My Week of Consumption and Reviews

Poke the Box by Seth Godin — 3/5 



I tolerated reading Godin’s latest motivational booklet, “Poke the Box,” which deserved the $1 I paid for it.  Unlike the other books I’ve hated so far, this book keeps the anecdotal to a minimum and keeps the wisdom pithy.  Though this book may have been much too short at 97 pages to be even considered a book at all, it makes sense.  There is simply not enough content to stretch across hundreds of pages for this genre.  

Anyway, my lukewarm endorsement is already a phenomenal statement coming from someone who has had a fairly negative reaction to the self-help genre of books.  The other book I attempted to read this week was Never Eat Alone, but I had to stop due to an allergic reaction to Ferrazzi’s purely marketing driven strategies.  The point I had to stop was when Ferrazzi claimed that the return on investment of amassing a finite personal network was infinite.  How on earth can any businessman legitimize the idea that a return was infinite?  Has any businessman ever learned math?  How is this not the birth of a Ponzi scheme?

Has no business school ever taught the idea that a finite resource is a zero sum game?

Well, my internal dialogue supposes that maybe it’s because I’ve never gone to business school that I can’t seem to grasp the ideas that are behind business.  This leads me nicely to the next sensational, storytelling/journalistic piece, The Big Short.  The Big Short profiles some men betting on systemic failure of the banking industry and some ideas behind the collapse of it.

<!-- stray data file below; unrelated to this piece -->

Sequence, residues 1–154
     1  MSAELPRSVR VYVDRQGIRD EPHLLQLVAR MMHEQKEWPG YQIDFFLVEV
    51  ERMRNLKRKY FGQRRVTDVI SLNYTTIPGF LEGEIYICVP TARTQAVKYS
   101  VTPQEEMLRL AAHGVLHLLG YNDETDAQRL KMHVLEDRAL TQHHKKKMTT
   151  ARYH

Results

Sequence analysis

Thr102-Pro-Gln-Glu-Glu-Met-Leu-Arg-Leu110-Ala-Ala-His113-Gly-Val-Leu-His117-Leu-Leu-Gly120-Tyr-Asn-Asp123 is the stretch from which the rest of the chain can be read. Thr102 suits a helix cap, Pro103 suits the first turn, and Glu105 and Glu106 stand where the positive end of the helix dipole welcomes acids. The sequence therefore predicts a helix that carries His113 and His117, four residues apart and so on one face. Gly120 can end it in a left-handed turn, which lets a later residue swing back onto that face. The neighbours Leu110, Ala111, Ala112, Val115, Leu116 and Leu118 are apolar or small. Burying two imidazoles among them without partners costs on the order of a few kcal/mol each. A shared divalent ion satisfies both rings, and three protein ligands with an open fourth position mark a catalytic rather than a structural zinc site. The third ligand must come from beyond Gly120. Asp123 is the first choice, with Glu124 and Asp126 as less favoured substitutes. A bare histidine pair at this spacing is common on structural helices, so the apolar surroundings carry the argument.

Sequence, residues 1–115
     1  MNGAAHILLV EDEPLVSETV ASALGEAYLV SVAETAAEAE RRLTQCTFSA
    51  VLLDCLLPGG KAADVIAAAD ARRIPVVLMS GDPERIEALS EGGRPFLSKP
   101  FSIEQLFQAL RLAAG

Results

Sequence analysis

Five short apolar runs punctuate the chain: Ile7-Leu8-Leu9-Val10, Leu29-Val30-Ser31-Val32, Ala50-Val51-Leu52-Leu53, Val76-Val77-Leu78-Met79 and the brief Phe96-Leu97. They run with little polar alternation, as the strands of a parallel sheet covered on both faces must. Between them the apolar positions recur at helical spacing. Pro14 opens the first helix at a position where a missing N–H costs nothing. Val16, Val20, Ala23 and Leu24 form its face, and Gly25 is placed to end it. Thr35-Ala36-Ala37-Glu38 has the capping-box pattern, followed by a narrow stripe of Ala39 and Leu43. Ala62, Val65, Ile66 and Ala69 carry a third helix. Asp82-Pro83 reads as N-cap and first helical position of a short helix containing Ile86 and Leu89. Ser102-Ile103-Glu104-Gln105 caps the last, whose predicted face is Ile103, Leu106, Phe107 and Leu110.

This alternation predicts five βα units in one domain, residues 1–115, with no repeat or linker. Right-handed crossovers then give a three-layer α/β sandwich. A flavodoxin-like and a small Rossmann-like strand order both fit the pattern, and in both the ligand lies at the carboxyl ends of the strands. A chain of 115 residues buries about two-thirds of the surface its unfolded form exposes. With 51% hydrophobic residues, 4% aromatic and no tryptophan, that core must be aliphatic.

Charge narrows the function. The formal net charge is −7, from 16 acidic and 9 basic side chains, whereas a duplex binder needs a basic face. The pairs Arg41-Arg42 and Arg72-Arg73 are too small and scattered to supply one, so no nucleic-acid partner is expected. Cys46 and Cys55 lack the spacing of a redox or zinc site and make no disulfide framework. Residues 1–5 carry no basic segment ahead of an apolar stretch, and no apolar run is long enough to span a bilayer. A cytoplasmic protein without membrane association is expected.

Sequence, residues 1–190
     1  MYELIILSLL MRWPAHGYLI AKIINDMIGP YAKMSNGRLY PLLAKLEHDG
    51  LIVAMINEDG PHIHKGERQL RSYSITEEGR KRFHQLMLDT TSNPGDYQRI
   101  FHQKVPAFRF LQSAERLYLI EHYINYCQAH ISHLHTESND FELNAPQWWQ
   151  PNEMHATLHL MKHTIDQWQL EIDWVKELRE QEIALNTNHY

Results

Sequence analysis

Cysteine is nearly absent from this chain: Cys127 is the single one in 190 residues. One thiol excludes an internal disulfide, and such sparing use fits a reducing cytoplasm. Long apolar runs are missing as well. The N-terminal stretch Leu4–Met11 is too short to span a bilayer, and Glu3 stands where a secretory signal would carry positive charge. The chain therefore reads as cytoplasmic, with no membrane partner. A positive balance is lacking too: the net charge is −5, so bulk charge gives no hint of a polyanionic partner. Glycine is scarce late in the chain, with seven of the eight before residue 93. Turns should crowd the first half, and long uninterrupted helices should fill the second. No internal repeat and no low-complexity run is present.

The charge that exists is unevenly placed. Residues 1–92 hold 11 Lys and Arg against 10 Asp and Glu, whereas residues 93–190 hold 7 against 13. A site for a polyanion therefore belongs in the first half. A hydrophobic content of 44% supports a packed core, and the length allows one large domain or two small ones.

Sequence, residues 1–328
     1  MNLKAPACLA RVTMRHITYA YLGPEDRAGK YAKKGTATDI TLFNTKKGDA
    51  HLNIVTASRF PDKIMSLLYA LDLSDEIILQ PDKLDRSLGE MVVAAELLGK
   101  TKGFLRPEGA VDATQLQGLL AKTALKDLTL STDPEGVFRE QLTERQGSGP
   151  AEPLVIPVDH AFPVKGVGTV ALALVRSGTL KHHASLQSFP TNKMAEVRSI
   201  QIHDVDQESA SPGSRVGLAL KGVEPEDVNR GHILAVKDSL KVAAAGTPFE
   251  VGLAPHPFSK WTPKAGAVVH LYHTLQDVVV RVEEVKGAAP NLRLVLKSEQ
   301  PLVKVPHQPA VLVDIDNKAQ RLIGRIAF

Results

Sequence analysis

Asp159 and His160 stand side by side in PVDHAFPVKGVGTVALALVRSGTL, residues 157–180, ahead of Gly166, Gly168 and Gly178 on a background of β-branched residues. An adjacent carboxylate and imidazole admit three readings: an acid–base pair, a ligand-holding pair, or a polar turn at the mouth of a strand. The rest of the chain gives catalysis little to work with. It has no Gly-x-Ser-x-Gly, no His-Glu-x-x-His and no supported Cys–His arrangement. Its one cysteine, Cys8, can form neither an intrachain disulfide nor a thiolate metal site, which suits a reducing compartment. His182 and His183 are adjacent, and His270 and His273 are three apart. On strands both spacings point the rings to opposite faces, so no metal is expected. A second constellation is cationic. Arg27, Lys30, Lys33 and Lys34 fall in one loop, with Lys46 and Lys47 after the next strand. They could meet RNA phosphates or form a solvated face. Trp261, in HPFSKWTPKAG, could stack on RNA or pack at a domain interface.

Michael Lewis has an ability to tell real world events as if it were not a real world event.  Maybe this surrealism serves a literary purpose?  What struck me most, if Lewis’ facts are straight, is that the banking industry is run by incompetent management who are duped by the most “clever” of the dunces, all of whom are surrounded by mindless yes-men.  Lewis seems to indicate the 2008 collapse started a decade ago when these banking institutions began to lend money out like crazy and then towering bad investments on top of it.  But Lewis’ earlier book about the collapse of savings and loans in the 1980’s seems to indicate an identical problem going just a bit further back.  It appears as if no one in the banking institution had any self-awareness or ability to think critically about what they were doing, ever.